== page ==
System Log Monitoring - A Useful Minimal Solution

System Log Monitoring

A Useful Minimal Solution

Tomaso Vasella
by Tomaso Vasella
on May 04, 2023
time to read: 9 minutes

Keypoints

This is How You Profit from System Log Monitoring

  • Collecting, recording, and monitoring system events is a basic security measure
  • Python can be used to programmatically access Systemd's journal directly
  • Event driven processing of log messages is easy to implement
  • A minimal solution with simple keyword searching is quite effective

Collecting, recording and monitoring events – especially if they are security-relevant – is a basic security measure that should not be missing on any system. Many operating systems, programming languages and software frameworks offer more or less flexible options for collecting and recording events. Windows contains the Event Log, Unix and Linux typically use a syslog implementation such as syslogd, rsyslog or syslog-ng. Most modern Linux distributions use the logging component of systemd.

Thus, plenty of tools for collecting and recording events are readily available and are active in operating systems at least in a basic configuration. However, when it comes to analyzing logs the situation looks a bit different. Although there is a good range of powerful solutions for this purpose such as Graylog, ELK or Prometheus, most of them require dedicated systems, often considerable resources and a lot of configuration effort. Centralized collection, correlation, and analysis of logs is highly recommended in larger environments, but may be beyond the effort one can or is willing to invest in smaller environments or individual systems. This article examines a simple method to programmatically access systemd’s journal and implement a minimal but useful notification solution with simple methods.

Logging with Journald

Journald is a component of Systemd and is available as a package in many current Linux distributions and is often active as the default logging solution. In contrast to classic syslog solutions, journald uses a binary file format for writing logs to local storage (on-disk). These logs can be examined and searched with the command journalctl. In addition, there is a python module available that provides direct programmatic access to the journal, among other things. This python module is used in the following example.

Accessing the Journal with python-systemd

To use the python module python-systemd it must be imported.

from systemd import journal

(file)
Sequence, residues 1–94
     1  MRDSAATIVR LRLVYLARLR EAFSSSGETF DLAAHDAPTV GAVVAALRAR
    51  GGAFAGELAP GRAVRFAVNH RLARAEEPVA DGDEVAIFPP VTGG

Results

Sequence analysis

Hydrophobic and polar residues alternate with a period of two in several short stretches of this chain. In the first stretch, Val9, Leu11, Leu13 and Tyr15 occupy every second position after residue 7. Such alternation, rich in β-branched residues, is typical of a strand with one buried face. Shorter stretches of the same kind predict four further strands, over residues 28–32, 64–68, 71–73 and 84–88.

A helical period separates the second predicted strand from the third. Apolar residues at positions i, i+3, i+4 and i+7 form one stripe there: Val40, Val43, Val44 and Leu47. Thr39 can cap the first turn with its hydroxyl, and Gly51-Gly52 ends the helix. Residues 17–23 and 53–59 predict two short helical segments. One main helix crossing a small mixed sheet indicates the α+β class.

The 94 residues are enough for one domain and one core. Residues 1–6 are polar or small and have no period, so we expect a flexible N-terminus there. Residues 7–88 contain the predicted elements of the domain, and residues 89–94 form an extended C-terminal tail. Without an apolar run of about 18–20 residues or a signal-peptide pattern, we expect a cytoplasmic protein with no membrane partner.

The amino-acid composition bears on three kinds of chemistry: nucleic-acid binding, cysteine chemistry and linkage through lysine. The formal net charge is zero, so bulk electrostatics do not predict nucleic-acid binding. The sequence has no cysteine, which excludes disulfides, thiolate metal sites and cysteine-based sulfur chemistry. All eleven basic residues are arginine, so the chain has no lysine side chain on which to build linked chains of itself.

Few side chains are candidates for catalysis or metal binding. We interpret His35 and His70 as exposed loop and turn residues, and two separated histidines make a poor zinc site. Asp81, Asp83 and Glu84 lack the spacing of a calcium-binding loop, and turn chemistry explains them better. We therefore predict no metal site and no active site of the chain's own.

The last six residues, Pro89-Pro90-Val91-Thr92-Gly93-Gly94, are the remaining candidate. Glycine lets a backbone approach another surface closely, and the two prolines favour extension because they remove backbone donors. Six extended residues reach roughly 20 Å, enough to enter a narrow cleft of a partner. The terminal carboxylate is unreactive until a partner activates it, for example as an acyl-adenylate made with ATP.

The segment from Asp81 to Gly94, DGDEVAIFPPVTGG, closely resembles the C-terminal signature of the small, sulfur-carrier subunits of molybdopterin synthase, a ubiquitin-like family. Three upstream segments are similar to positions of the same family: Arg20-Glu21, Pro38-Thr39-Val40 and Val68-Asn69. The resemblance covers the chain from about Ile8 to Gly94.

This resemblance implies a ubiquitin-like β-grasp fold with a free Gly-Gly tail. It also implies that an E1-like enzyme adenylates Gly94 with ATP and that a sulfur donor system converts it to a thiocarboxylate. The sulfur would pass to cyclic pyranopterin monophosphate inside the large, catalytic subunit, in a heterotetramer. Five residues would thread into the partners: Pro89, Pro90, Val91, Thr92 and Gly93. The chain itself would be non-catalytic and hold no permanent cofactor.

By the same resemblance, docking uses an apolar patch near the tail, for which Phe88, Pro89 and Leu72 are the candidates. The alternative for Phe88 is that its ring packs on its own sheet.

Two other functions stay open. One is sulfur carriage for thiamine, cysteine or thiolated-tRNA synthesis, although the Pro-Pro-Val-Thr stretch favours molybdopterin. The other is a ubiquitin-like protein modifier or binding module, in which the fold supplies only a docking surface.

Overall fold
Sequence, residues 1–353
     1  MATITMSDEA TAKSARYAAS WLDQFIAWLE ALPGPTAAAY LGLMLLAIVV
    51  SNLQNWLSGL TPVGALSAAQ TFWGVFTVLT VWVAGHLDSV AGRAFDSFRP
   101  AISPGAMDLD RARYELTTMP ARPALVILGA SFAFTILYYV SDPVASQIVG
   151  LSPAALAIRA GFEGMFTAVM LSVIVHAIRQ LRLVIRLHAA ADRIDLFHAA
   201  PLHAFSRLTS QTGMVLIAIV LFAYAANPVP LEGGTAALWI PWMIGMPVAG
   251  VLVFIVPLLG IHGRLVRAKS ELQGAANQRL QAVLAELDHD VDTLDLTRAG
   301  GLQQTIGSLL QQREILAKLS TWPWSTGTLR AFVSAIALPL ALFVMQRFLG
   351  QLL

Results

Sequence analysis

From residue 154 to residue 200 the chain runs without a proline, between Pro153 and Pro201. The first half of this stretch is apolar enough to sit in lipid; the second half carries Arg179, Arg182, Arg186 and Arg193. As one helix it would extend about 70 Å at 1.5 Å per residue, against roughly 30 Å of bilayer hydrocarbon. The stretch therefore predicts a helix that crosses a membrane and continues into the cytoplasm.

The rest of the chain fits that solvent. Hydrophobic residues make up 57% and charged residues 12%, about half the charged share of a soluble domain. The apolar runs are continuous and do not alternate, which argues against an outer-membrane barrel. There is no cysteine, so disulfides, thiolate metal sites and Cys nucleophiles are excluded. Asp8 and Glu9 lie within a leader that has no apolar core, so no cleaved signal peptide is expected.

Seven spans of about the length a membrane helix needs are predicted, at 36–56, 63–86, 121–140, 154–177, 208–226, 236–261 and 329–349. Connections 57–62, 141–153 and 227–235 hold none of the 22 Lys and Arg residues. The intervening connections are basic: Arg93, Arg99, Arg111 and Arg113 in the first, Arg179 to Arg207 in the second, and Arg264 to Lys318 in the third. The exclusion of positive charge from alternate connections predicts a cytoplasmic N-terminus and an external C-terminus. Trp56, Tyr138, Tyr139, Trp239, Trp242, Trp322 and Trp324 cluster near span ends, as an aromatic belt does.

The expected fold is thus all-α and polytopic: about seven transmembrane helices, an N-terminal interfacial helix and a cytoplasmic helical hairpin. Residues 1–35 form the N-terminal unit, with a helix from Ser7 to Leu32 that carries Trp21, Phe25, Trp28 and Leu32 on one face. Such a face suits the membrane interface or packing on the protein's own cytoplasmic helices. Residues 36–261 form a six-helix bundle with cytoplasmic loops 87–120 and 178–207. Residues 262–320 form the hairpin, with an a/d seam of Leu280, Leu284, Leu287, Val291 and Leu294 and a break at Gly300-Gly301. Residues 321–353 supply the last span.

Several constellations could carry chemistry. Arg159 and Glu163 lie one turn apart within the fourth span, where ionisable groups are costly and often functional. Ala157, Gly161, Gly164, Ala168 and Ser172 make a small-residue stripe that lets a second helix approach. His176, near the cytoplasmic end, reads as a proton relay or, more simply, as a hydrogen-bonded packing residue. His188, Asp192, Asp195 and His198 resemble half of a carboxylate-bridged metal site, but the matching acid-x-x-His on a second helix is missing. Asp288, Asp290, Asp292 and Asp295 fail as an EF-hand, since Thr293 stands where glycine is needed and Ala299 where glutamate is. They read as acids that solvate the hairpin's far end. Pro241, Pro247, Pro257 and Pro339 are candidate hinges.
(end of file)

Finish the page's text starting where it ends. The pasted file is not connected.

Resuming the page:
The individual entries in the journal are accessed with the class systemd.journal.Reader(). Various settings can be selected for accessing the journal entries. For our purpose, we have defined that only entries with the severity level LOG_INFO or higher should be considered and that only those events are relevant that have been recorded since the last start of the system since our log monitor should continuously monitor new events and not care about earlier events.

j = journal.Reader()
j.log_level(journal.LOG_INFO)
j.this_boot()

Since we are only interested in the events newly added to the journal, we jump to its end. There is or there was a bug or an ambiguity in the documentation, that is jumping to the end of the journal places the pointer after the last entry, which requires going back one position to access the last entry in the journal. Our tests were not conclusive in whether this is still the case, but the following approach worked well.

j.seek_tail()
j.get_previous()

Event-driven Processing

After programmatic access to the journal has been established, an efficient method is needed to read and process newly arriving messages. An event-driven approach is suitable for this where an event loop waits for incoming messages and executes commands only when a message actually arrives. This is a much more efficient approach than polling for new messages at a high frequency, but it requires appropriate signaling.

Linux provides this possibility with the system calls poll or epoll which can wait for events arriving at a file descriptor. In Python, there is a module called select that makes the functions poll() and epoll() available. Therefore, we can use poll() to observe the file descriptor of the journal, which can be implemented as follows.

p = select.poll()
journal_fd = j.fileno()
poll_event_mask = j.get_events()
p.register(journal_fd, poll_event_mask)

Log Monitoring